Electronic devices should help proper tracking of drivers’ working time. And they technically do. But it seems like there are ways to get around this too. One such practice is to disregard time outside the truck. When an activity takes place away from the vehicle where the recording equipment can’t operate, drivers should keep a record on an analog record sheet or manually input the activity in the digital tachograph. Yet, many trucking companies in Europe instruct the drivers not to register loading/unloading as ‘other work’ time. So, this is automatically counted as break or rest time and therefore, not reflected in the wage. This practice is in breach of European laws on working time for professional drivers, yet, it remains unnoticed.
Safety & Security
Drivers purposely manipulate tachographs, too. Some of them put a magnet on the truck’s gearbox. That is a deliberate and deceptive action, which interferes with the recording process of the device, to falsify driving records. The bigger issue is that this also affects other important vehicle systems. It disables the speed limiter, the speedometer, and the gearbox management system. Basically, the truck “believes” it is stationary while it is actually being driven. This could cause enormous damage to the vehicle and to the driver’s own safety.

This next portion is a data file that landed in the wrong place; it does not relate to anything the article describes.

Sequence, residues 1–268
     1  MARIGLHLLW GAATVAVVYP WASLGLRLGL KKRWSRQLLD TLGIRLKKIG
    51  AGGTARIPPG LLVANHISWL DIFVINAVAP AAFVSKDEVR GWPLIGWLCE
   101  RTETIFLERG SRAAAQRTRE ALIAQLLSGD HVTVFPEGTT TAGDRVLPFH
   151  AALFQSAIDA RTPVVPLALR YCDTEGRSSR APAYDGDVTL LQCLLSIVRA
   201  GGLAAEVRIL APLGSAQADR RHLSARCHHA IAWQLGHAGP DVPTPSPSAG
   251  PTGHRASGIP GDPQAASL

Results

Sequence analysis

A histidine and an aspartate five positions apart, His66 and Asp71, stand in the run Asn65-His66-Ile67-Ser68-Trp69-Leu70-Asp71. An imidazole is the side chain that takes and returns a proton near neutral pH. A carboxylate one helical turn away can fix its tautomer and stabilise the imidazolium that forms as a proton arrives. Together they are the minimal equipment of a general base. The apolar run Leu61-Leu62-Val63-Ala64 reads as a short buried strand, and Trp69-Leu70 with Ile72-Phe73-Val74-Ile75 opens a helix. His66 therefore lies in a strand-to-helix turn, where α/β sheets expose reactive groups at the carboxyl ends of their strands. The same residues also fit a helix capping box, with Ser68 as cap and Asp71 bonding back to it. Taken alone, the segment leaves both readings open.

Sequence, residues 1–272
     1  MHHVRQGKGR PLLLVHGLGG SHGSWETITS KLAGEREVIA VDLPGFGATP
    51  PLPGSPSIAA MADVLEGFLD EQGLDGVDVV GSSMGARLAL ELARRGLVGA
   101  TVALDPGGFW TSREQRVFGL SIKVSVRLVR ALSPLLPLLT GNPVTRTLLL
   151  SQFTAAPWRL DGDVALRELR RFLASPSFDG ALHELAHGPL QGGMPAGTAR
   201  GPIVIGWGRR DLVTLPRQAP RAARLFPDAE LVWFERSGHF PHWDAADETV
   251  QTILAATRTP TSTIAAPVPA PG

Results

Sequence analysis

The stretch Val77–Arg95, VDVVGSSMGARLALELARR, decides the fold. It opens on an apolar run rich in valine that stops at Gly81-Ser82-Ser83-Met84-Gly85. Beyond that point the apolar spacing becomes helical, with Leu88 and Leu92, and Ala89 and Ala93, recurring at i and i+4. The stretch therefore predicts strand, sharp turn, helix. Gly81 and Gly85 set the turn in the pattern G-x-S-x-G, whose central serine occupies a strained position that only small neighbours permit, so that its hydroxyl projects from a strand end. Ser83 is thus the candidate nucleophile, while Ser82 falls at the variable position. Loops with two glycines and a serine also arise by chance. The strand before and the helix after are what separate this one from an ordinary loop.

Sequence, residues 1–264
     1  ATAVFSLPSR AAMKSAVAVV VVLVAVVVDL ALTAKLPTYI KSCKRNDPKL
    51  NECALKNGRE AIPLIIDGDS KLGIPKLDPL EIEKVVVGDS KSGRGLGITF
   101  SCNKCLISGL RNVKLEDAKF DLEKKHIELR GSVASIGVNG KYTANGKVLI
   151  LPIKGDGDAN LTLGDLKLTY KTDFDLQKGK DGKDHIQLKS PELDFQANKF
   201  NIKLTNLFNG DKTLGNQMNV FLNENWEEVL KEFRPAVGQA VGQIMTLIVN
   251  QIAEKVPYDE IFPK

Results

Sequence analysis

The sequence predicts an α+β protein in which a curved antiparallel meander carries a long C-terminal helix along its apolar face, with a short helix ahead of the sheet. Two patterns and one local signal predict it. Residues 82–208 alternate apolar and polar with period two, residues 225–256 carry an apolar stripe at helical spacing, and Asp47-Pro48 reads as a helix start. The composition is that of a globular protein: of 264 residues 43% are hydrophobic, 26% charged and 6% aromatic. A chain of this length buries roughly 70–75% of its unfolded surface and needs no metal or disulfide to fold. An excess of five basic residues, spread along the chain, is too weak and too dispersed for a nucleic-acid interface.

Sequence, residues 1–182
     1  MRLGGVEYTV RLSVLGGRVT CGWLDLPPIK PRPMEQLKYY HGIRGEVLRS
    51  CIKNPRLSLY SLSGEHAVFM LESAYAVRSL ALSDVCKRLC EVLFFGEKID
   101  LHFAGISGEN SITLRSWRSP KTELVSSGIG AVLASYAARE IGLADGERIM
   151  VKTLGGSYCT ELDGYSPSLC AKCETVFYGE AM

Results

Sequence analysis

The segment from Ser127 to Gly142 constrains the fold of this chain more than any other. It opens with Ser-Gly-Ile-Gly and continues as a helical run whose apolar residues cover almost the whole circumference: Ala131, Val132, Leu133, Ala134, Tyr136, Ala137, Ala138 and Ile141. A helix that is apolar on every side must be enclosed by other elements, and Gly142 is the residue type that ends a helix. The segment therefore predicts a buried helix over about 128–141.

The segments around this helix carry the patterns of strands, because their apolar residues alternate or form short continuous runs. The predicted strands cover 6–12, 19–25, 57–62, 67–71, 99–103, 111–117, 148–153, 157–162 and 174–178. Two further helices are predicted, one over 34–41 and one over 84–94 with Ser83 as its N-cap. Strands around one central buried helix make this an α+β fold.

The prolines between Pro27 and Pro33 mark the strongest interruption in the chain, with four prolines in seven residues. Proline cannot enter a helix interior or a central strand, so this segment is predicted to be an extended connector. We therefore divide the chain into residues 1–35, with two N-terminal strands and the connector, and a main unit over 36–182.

You can see that even with 30 years of experience in monitoring drivers’ behavior the European system is still far from perfect. And this will always be the case as long as people are the main actors in the process. The policies in regards to tachographs might change significantly in the next years due to the political instability of the European Union. For one thing, Brexit may seriously disturb the trucking activities over the entire continent. The political situation is a huge factor in the vulnerability of the marketplace. And smart tachographs or any procedure behind them will probably not be the best solution to the issue.